Minister for Giving Money to artists, Catherine Martin

The Government announcement that contained two obvious lies

The nature of a “pilot” scheme is not very hard to understand. In order to see whether a policy might work for the whole population, you first test it on a narrow section of society to see whether it works. Lots of companies and Governments use pilot schemes. Most social media companies, for example, when rolling out a new feature, will test it on a small section of their userbase first. New policies in schools are often piloted to see how they work.

The basic income payment to artists, announced yesterday, is being billed as a “pilot” scheme. Under it, up to 2,000 “artists” will be able to apply to the Government to receive a weekly, unconditional, payment of €350 per week, or €1,400 per month. This is on top of their existing income, which, being artists, also has massive tax exemptions.

But it is not really a pilot scheme, because there is no prospect – none whatsoever – of this scheme being extended to the wider public. There will not be an announcement from this Government at the end of the year that the scheme is working well and will be extended to the entire adult population. Or even to the wider arts community. You know that. Everybody – including the journalists who keep reporting it as a pilot scheme – knows that. The State cannot afford it.

What we have here, then, is something masquerading as a pilot scheme which is, in fact, anything but. It is simply a subsidy to one sector of society which happens, at this point in time, to have a friendly face in Ministerial office.

According to that friendly face, the purpose of the scheme is as follows:

As our artists and creative professionals emerge from the devastating impact of the pandemic, the government is committed to providing an unprecedented level of support as they seek to rebuild their livelihoods. I want the arts not just to recover, but to flourish. That is why I secured funding to help realise this scheme, which was a key priority for me in the Budget.”

But that poses a question. Why the arts? There are many other, equally deserving, equally struggling sectors which suffered during the pandemic. And what’s more, it’s just not true. This scheme, after all, was in the Green Party manifesto, which was written long before the pandemic. The election was in January 2020, and the first lockdown came in March. When the Greens came up with this policy, there was no pandemic in sight. So, selling it, today, as some form of pandemic relief is deeply dishonest.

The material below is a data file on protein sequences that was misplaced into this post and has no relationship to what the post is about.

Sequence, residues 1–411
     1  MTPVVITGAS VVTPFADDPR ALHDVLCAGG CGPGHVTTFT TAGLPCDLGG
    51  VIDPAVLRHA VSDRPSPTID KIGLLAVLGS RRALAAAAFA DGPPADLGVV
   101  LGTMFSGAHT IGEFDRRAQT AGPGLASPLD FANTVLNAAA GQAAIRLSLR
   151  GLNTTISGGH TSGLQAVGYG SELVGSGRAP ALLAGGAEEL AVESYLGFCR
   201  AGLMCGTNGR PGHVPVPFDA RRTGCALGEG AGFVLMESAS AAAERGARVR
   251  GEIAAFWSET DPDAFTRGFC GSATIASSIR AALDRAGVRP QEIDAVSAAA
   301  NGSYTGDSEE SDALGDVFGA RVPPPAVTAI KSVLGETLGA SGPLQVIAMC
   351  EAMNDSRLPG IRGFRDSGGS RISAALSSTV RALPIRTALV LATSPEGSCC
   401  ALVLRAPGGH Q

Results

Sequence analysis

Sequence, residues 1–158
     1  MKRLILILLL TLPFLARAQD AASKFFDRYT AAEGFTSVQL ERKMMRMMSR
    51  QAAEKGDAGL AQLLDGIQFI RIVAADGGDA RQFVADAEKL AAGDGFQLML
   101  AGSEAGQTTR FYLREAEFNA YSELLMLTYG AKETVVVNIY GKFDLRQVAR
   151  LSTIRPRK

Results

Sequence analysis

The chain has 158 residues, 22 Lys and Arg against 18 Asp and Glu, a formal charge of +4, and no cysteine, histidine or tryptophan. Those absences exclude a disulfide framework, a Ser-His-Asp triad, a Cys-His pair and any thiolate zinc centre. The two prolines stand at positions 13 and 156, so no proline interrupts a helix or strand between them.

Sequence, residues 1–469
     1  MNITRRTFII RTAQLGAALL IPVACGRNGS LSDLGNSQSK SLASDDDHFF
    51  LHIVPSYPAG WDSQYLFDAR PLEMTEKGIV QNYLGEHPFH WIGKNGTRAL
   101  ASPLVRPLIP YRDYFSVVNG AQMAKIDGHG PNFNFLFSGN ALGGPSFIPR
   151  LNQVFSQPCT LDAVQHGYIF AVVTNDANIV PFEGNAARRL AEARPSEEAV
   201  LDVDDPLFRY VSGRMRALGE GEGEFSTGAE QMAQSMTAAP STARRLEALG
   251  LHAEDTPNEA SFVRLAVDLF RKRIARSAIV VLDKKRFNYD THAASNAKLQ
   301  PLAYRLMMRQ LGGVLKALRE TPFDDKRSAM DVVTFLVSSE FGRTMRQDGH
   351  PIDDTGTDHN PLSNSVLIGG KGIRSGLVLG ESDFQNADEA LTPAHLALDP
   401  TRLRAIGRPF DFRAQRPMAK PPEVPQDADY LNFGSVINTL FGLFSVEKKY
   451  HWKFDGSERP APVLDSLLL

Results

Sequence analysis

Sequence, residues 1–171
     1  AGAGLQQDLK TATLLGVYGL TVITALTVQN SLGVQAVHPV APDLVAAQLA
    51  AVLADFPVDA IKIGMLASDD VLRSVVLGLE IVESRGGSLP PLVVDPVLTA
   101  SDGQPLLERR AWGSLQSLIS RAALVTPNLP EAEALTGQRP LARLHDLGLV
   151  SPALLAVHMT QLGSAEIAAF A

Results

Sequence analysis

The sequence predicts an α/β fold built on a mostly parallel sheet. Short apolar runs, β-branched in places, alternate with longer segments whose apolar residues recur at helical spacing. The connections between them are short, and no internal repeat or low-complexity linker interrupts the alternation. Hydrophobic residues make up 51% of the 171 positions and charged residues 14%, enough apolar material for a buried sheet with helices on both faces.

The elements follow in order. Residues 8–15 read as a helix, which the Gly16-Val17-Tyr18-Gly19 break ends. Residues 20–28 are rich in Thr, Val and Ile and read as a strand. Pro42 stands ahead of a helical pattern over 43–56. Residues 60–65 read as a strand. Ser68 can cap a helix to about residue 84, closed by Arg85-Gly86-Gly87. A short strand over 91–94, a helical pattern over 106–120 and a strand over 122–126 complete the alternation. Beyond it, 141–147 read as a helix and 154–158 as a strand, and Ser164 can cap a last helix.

What we have here then, in a Government, announcement, are two clear and observable lies. It is not a pilot scheme, by any definition of that phrase, and it certainly is not being enacted to provide pandemic relief.

So, what is it, and why is it being introduced?

What it is, for starters, is a literal transfer of wealth from productive sectors of society to unproductive sectors of society. Good artists, by definition, do not need subsidies. Ireland has produced a wealth of fantastic authors, musicians, and so on, all of whom have done well for themselves. John Boyne does not need a subsidy, nor does Daniel O’Donnell, or much of our booming country music sector. We have fantastic and successful comedians, who do not need a subsidy. Pick a sector, and you will find successful people. Find a struggling comedian, and you will usually find a comedian who is not very funny. Pick a struggling musician, and you will usually find one who is not very talented. It is these people, not Enya and the Edge, who will be getting this money. It is a subsidy for mediocrity.

And why is it being introduced? Why, because those people tend to vote Green. Find a struggling comedian, and you’ll usually find someone who spends as much time complaining about Climate Change as they spend telling jokes. This is – and is intended to be – a straight up handout to grungy left wingers who don’t have a real job. That might sound harsh, but it’s the truth.

If the Government wanted to do a basic income pilot scheme, it could have picked many sectors of society. Why not single parents? Why not, for example, carers? Ireland has a thriving arts sector – that sector does not need this. It is not support for the arts. It is support for people who can’t make it in the arts, and who should really be told to find something that they can do, instead.

But that would never do, now, would it?


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